Puckered and wizened features coupled with yellow, parchment-like skin are all generic changeling attributes. This fairy will also exhibit very dark eyes, which betray a wisdom far older than its apparent years. Changelings display other characteristics, usually physical deformities, among which a crooked back or lame hand are common. About two weeks after their arrival in the human household, changelings will also exhibit a full set of teeth, legs as thin as chicken bones, and hands which are curved and crooked as birds’ talons and covered with a light, downy hair. No luck will come to a family in which there is a changeling because the creature drains away all the good fortune which would normally attend the household. Thus, those who are cursed with it tend to be very poor and struggle desperately to maintain the ravenous monster in their midst.

One positive feature which this fairy may demonstrate is an aptitude for music. As it begins to grow, the changeling may take up an instrument, often the fiddle or the Irish pipes, and plays with such skill that all who hear it will be entranced.

Prevention being better than cure, a number of protections may be placed around an infant’s cradle to ward off a changeling. Iron tongs placed across the cradle will usually be effective, because fairies fear these. An article of the father’s clothing laid across the child as it sleeps will have the same effect.

Changelings have prodigious appetites and will eat all that is set before them. The changeling has teeth and claws and does not take the breast like a human infant, but eats food from the larder. When the creature is finished each meal, it will demand more. Changelings have been known to eat the cupboard bare and still not be satisfied. Yet no matter how much it devours, the changeling remains as scrawny as ever.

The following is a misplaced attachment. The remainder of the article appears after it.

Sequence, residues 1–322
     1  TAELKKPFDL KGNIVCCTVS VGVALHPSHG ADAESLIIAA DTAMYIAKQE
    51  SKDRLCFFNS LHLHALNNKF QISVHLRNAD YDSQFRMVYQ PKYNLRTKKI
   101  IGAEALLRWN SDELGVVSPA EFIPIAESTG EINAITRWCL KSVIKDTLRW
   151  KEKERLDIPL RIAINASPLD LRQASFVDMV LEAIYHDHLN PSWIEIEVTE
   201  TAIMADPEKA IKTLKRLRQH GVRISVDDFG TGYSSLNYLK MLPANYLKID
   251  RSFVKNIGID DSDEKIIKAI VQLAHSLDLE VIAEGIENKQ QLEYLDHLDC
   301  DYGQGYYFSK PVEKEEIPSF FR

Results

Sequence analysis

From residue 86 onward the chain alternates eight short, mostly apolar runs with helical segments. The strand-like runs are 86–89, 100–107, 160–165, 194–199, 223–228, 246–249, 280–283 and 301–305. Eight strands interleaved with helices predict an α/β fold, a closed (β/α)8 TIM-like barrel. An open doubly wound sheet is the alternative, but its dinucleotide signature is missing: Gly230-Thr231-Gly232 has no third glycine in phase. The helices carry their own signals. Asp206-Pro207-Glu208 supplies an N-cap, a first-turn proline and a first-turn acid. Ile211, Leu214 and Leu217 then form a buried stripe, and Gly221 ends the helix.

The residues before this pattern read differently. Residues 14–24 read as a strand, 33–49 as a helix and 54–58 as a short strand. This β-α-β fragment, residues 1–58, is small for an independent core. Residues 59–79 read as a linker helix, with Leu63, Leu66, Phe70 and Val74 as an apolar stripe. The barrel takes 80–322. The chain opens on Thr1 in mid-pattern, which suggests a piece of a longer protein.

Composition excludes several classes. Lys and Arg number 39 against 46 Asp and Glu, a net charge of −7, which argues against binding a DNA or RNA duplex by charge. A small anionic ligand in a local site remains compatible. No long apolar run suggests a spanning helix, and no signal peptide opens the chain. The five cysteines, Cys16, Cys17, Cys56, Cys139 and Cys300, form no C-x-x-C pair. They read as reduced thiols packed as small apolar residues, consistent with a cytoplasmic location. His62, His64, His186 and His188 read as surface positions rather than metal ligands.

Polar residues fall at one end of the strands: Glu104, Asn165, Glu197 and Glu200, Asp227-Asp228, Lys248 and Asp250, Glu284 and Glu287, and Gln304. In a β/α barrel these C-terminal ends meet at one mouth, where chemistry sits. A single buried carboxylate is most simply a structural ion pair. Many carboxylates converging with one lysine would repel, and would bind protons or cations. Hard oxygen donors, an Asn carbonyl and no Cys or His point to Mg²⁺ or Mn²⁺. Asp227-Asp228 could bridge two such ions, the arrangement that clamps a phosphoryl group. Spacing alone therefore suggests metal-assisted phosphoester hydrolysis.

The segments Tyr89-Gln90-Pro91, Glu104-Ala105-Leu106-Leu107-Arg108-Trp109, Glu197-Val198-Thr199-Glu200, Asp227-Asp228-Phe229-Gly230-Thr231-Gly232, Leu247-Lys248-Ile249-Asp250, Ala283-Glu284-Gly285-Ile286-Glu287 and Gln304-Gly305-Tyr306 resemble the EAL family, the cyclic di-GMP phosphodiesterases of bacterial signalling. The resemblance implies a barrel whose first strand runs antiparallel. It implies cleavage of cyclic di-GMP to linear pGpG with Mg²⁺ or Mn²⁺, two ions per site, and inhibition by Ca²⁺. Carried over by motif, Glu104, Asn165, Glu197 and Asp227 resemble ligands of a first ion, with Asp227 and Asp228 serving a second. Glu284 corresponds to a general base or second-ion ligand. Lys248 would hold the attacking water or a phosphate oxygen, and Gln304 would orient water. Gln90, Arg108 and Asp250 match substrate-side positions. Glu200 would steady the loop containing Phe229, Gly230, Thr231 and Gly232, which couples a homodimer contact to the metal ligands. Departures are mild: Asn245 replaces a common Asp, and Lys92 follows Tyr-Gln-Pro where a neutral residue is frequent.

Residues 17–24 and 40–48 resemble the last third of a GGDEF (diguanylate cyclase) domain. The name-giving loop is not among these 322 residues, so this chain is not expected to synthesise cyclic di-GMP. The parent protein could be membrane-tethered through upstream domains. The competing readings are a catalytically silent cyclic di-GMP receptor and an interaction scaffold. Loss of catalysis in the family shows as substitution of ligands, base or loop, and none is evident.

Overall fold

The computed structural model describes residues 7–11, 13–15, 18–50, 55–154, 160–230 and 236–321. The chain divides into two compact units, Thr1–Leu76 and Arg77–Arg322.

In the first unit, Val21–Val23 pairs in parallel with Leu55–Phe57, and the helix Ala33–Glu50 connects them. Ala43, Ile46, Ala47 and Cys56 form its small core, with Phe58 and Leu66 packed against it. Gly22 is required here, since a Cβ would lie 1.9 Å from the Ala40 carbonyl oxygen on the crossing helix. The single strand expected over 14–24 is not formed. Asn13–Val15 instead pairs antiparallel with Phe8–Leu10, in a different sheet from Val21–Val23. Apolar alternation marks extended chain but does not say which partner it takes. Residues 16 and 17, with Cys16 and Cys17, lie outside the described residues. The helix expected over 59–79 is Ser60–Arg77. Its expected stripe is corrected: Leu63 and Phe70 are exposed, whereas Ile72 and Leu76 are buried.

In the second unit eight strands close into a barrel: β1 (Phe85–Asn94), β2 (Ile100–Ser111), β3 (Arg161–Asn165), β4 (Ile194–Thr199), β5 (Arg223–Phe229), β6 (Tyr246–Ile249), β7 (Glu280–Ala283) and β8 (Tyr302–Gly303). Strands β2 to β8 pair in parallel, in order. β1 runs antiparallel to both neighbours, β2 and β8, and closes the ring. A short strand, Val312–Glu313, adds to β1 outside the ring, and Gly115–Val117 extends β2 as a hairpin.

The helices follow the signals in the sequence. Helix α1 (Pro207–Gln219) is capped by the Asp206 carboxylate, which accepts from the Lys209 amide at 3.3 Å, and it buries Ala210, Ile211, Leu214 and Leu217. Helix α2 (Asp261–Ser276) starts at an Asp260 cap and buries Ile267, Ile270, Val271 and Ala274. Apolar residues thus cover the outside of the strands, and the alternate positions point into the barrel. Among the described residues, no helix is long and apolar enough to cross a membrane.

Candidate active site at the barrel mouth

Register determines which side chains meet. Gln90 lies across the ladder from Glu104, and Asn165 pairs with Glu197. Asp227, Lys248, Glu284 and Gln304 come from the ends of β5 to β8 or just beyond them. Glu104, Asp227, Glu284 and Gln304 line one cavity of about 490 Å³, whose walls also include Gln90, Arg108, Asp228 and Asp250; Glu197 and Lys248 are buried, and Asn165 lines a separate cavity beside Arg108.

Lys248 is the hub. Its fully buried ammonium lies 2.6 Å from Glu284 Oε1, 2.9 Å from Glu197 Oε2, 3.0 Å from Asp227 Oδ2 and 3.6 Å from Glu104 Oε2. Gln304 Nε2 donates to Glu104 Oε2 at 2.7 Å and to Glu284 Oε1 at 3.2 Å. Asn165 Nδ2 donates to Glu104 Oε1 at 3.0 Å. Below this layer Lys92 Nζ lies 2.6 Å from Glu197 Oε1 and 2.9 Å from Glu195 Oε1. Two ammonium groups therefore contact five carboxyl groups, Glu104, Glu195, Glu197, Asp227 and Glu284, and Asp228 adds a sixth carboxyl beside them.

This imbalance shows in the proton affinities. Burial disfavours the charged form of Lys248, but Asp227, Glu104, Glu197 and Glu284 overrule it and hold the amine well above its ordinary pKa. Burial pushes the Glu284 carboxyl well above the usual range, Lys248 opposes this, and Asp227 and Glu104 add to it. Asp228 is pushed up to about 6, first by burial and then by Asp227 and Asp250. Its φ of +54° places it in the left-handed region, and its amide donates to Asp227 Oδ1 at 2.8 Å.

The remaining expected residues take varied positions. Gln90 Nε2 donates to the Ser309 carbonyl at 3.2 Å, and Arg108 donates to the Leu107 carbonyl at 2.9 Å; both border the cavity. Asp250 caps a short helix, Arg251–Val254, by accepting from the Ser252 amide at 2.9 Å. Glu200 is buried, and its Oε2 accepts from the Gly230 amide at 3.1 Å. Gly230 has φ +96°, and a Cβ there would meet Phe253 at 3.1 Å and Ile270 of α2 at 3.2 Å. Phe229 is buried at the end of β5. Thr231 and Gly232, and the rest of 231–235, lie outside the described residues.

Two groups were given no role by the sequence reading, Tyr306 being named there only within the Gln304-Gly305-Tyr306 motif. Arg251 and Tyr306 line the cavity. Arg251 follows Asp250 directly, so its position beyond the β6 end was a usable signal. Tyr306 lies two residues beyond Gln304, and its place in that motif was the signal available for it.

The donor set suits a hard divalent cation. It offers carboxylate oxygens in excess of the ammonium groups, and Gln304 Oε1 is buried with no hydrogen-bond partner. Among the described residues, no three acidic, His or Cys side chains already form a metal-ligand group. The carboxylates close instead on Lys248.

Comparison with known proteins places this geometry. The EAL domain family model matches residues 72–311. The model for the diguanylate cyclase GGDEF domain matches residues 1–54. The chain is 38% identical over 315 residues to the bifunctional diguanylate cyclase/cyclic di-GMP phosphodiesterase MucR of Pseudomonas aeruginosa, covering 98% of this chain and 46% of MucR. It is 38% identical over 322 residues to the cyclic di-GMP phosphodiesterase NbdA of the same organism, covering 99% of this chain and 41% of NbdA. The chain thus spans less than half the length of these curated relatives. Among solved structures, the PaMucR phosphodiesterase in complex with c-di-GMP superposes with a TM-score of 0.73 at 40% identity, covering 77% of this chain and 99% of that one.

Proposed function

Changelings do not live long in the mortal world. They usually shrivel up and die within the first two or three years of their human existence. The changeling is mourned and buried, but if its grave is ever disturbed all that will be found is a blackened twig or a piece of bog oak where the body of the infant should be. Some live longer but rarely into their teens.

There can also be adult changelings. These fairy doubles will exactly resemble the person taken but will have a sour disposition. The double will be cold and aloof and take no interest in friends or family. It will also be argumentative and scolding. As with an infant, a marked personality change is a strong indication of an adult changeling.

Changelings may be driven from a house. When this is achieved, the human child or adult will invariably be returned unharmed.

The least severe method of expulsion is to trick the fairy into revealing its true age. Heat and fire are anathema to the changeling and it will fly away from it.

Coblynau are always given the form of dwarfs, in the popular fancy; wherever seen or heard, they are believed to have escaped from the mines or the secret regions of the mountains. Their homes are hidden from mortal vision. When encountered, either in the mines or on the mountains, they have strayed from their special abodes, which are as spectral as themselves

Dwarves…are stocky, short and powerful.  They mature at 3 years old, and are gray and bearded by the age of 7. It is said they cannot appear in the light of day for to do so, would turn them to stone. However, there are potions and spells to help them endure the sunlight.

Dryads…are spirits that dwell in the trees, preferably oaks. The Druids turn to them for inspiration.

Dullahan… Variants: dullaghan, far dorocha, Crom Dubh

The dullahan is one of the most spectacular creatures in the Irish fairy realm and one which is particularly active in the more remote parts of counties Sligo and Down. Around midnight on certain Irish festivals or feast days, this wild and black-robed horseman may be observed riding a dark and snorting steed across the countryside.